Published Wednesday 14 November 2018
By Catharine Paddock PhD
Fact checked by Isabel Godfrey
Blocking an enzyme could put a stop to the buildup of toxic protein clumps that occurs in the brains of people with Parkinson's disease.
New research reveals that blocking a certain protein clears Lewy bodies — toxic structures that are a hallmark of Parkinson's disease.
This was the conclusion that scientists at Georgetown University Medical Center (GUMC) in Washington, D.C. reached after studying the enzyme, called USP13, in the brains of mice and humans.
The study, which features in the journal Human Molecular Genetics, may be the first to explain USP13's role in the toxic accumulation of protein clumps in the brain.
The protein accumulations are called Lewy bodies, and they also occur in other neurodegenerative diseases, including Lewy body dementia and multiple system atrophy.
"This study," says lead author Xiaoguang Liu, an assistant professor of neurology at GUMC, "provides novel evidence that USP13 affects development and clearance of Lewy body protein clumps, suggesting that targeting USP13 may be a therapeutic target in Parkinson's disease and other similar forms of neurodegeneration."
Parkinson's disease and Lewy bodies
Parkinson's disease is a degenerative disorder that chiefly affects movement control. Typical symptoms include tremors, stiffness, and bradykinesia, which is a slowness of movement.
People with Parkinson's disease may also experience sleep problems, anxiety, depression, constipation, and fatigue.
According to the American Parkinson Disease Association, an estimated 10 million peopleworldwide are living with Parkinson's disease. This figure includes around 1 million people in the United States.
Parkinson's disease: Why do brain cells die?
The mitochondrial molecule cardiolipin helps fold alpha-synuclein protein, which occurs in an incorrectly folded form in Lewy bodies.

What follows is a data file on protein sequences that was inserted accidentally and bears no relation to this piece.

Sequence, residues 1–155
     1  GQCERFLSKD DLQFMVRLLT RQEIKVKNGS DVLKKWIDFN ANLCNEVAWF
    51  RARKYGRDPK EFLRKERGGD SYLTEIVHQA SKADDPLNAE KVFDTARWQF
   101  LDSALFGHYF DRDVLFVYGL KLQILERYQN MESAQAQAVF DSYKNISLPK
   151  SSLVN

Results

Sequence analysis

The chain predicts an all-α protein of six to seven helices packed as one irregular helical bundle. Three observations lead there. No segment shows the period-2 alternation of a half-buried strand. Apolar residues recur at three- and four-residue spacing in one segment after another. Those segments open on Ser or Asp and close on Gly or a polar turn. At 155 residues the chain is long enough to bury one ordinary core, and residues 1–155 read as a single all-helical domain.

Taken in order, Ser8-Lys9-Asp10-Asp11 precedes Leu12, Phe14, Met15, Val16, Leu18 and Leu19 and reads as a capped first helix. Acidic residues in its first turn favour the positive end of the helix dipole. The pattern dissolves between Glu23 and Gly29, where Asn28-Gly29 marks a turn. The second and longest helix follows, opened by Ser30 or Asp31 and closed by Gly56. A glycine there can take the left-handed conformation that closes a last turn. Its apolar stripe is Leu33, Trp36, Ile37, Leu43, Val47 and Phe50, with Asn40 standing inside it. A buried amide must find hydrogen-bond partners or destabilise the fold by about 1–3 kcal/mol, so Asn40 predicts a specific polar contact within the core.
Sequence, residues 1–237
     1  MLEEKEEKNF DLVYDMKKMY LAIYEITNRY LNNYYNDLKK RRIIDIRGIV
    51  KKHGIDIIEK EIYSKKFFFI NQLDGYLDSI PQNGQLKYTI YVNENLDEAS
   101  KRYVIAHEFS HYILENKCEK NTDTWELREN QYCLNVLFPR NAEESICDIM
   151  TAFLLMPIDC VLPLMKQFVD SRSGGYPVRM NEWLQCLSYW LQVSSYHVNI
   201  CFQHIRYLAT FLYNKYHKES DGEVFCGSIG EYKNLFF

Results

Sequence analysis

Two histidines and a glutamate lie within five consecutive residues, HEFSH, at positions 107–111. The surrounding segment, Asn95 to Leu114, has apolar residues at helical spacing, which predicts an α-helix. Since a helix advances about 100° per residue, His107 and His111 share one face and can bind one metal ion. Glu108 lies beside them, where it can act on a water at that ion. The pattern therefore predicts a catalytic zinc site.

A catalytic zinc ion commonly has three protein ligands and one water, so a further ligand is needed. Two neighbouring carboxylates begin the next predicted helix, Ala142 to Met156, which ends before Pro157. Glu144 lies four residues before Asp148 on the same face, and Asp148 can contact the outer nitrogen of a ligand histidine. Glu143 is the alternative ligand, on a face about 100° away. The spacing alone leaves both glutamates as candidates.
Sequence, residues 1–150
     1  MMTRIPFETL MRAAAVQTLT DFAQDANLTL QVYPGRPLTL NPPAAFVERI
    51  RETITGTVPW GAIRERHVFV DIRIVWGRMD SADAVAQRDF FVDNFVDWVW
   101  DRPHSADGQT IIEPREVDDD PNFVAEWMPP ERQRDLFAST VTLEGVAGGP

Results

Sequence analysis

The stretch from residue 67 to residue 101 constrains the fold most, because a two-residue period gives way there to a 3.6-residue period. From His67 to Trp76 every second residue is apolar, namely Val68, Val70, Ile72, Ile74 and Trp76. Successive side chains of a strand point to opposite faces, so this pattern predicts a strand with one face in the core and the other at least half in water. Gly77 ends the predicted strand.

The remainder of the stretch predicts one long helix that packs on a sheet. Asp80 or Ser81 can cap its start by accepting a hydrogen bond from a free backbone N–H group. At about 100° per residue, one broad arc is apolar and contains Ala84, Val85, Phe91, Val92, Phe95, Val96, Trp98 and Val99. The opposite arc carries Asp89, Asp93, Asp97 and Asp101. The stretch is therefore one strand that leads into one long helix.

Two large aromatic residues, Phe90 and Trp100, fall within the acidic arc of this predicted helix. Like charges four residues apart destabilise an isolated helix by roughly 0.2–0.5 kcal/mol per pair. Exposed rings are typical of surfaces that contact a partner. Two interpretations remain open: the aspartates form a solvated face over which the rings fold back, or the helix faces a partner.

The disease mainly presents after the age of 50 years, but there is a rarer form called early-onset Parkinson's that can develop at a younger age.
Parkinson's disease destroys cells in a region of the brain known as the substantia nigra. The nerve cells in this region communicate by releasing a chemical messenger called dopamine. This interaction helps with the "fine tuning" of movement control.
Scientists are not sure exactly what causes the death of dopamine-releasing cells in Parkinson's disease, but Lewy bodies are high on their list of suspects.
Postmortem exams of people who had Parkinson's disease have found Lewy bodies in nerve cells, or neurons, of the substantia nigra and other parts of the brain.
A protein called alpha-synuclein is a primary component of these toxic, circular structures. However, the role that this protein plays in the healthy brain is somewhat unclear.
Alpha-synuclein and ubiquitin tags
What scientists do know is that when alpha-synuclein bears tags of the small protein ubiquitin, enzymes come and carry it away for destruction. The process of marking proteins for clearance using ubiquitin tags is called ubiquitination.
The recent study reveals that USP13 removes the ubiquitin tags on alpha-synuclein. As a result, enzymes do not clear the protein away, and it accumulates to form toxic Lewy bodies.
The researchers showed that blocking USP13 in mouse models of Parkinson's disease made Lewy bodies disappear and also stopped them from forming again.
This followed the discovery that the postmortem brain tissue of people with Parkinson's disease contained high levels of USP13.
The team also investigated the relationship between USP13, alpha-synuclein, and another protein that is linked to Parkinson's disease called parkin.
USP13 stopped parkin from doing its job
Parkin helps direct the breakdown of proteins in cells. It senses ubiquitin tags and targets the tagged protein for degradation. Scientists have identified links between some forms of Parkinson's disease and "loss of parkin function."
It appears that, by removing the ubiquitin tags, USP13 prevents parkin from consigning alpha-synuclein to the cell's waste management process.
Using mouse models of Parkinson's disease, the team showed that both the tagging and destruction of alpha-synuclein increased when mice were lacking USP13.
There was also less destruction of dopamine cells in these mice and improved motor function.
The researchers now want to develop a USP13 blocker that doctors can use as part of a therapy that targets protein clearance in neurodegenerative diseases, such as Parkinson's disease.
"Clearance of neurotoxic proteins, including alpha-synuclein, may depend on the balance between ubiquitination and de-ubiquitinating."
Xiaoguang Liu, GUMC